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dc.contributor.authorStewart, J. D.
dc.contributor.authorHaslam, D. A. R.
dc.date.accessioned2010-02-15T22:59:41Z
dc.date.available2010-02-15T22:59:41Z
dc.date.issued1964-08
dc.identifier.urihttps://hdl.handle.net/10182/1401
dc.descriptionThis paper was presented to the 14th Lincoln College Farmers' Conference, May 1964.en
dc.description.abstractIn the drier areas of New Zealand irrigation is one possible method of securing the increased volume of farm production which the country reguires, but irrigation is costly. From the national viewpoint, it will only be adopted by farmers if it is profitable to them as individuals. Hence, during the Summer of 1962/3, a survey was undertaken on irrigation and dry land farming in Mid-Canterbury. The objective was to obtain information on the comparative profitability of irrigated and non-irrigated farms.en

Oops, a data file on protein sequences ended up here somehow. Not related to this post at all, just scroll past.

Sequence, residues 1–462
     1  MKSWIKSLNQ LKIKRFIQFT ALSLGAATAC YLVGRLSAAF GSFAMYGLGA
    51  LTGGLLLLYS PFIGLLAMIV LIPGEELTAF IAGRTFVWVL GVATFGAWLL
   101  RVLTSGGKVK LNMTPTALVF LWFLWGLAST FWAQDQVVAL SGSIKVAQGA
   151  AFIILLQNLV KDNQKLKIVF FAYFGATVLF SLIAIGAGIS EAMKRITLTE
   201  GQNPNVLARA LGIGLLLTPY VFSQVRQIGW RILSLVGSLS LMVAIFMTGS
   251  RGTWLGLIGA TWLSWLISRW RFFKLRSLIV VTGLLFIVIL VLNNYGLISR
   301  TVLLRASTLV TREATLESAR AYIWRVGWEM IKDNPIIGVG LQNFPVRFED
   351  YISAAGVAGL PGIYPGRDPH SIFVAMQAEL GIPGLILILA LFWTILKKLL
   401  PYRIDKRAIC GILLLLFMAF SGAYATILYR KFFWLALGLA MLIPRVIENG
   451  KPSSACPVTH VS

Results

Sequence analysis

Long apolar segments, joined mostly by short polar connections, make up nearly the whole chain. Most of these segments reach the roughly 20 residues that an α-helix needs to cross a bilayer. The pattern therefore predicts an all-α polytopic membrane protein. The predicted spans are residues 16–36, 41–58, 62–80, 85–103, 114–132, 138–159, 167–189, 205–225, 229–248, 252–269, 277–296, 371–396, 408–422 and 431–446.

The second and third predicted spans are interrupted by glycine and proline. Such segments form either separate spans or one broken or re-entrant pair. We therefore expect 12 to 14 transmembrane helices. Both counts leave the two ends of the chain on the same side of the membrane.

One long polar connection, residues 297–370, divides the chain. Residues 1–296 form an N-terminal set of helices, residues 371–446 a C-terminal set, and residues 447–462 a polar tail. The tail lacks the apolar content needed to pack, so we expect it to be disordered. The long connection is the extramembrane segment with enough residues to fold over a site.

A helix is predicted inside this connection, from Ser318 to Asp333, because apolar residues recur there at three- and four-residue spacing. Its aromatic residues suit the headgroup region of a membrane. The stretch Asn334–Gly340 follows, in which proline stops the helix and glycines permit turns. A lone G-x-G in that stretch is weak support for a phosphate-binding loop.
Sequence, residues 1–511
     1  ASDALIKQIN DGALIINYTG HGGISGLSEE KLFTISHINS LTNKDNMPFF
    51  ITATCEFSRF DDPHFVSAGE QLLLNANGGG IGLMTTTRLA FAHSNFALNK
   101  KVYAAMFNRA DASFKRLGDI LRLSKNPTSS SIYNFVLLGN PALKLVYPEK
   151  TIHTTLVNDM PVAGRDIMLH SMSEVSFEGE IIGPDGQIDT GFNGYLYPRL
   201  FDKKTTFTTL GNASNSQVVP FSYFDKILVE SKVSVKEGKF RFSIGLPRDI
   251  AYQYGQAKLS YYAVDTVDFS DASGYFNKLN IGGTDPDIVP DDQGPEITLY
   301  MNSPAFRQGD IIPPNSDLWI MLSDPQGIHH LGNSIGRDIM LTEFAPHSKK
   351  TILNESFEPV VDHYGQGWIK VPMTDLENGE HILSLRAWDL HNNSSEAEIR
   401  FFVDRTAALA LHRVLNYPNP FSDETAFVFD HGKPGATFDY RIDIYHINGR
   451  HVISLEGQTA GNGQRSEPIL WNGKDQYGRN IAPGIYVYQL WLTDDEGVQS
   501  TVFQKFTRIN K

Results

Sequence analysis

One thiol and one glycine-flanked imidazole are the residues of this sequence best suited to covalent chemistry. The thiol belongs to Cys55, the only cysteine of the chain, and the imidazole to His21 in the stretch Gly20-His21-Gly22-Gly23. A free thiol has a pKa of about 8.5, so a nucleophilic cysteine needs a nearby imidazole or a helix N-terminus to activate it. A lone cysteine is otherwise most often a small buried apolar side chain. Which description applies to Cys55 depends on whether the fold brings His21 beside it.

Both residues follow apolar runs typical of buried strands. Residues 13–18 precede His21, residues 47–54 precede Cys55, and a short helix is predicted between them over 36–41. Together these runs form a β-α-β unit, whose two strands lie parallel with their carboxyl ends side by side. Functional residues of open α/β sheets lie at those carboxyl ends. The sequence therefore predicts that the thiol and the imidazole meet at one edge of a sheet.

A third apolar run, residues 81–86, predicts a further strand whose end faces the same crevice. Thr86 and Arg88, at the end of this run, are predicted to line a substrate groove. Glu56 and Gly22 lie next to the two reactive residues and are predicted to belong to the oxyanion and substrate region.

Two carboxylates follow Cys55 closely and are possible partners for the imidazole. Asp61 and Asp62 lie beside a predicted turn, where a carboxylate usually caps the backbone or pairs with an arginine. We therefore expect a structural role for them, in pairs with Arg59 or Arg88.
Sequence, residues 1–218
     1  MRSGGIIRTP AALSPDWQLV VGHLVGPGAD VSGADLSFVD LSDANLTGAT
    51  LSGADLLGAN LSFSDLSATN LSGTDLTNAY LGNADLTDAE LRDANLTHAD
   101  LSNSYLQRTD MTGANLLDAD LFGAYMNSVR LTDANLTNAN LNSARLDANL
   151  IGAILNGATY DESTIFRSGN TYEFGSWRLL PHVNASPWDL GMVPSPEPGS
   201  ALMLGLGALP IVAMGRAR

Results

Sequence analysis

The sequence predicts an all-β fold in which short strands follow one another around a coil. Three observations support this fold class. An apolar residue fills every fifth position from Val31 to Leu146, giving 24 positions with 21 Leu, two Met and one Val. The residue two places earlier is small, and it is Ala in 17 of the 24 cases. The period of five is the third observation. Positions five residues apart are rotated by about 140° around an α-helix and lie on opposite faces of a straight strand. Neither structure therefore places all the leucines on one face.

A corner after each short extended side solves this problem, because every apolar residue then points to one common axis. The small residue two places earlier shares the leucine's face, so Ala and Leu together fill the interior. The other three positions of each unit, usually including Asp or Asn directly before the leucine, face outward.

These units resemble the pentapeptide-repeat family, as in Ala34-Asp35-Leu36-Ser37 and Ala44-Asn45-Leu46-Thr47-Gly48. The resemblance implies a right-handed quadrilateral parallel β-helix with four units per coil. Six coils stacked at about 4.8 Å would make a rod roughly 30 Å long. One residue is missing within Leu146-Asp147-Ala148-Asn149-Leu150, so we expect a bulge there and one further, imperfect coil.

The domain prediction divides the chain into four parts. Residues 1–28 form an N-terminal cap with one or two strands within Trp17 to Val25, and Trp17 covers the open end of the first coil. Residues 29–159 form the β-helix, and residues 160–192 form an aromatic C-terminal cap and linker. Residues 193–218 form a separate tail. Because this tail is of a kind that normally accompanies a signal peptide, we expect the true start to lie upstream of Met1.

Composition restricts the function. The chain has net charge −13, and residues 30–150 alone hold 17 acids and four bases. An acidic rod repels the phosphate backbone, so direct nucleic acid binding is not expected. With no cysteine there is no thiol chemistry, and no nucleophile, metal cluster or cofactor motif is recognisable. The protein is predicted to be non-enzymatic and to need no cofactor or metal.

dc.language.isoenen
dc.publisherLincoln College. Agricultural Economics Research Unit.en
dc.relation.ispartofseriesAgricultural Economics Research Unit publication (Lincoln College (University of Canterbury). Agricultural Economics Research Unit) ; no. 6en
dc.subjectirrigation developmenten
dc.subjectwater resources developmenten
dc.subjectdry land farmingen
dc.subjectpasture productionen
dc.subjecteconomic aspectsen
dc.subjectfinancial analysisen
dc.subjectsurveysen
dc.subjectMid-Canterburyen
dc.titleProfitability of irrigation in Mid Canterburyen
dc.typeMonographen
lu.contributor.unitAgribusiness and Economics Research Uniten
dc.subject.anzsrc140201 Agricultural Economicsen
dc.subject.anzsrc140205 Environment and Resource Economicsen


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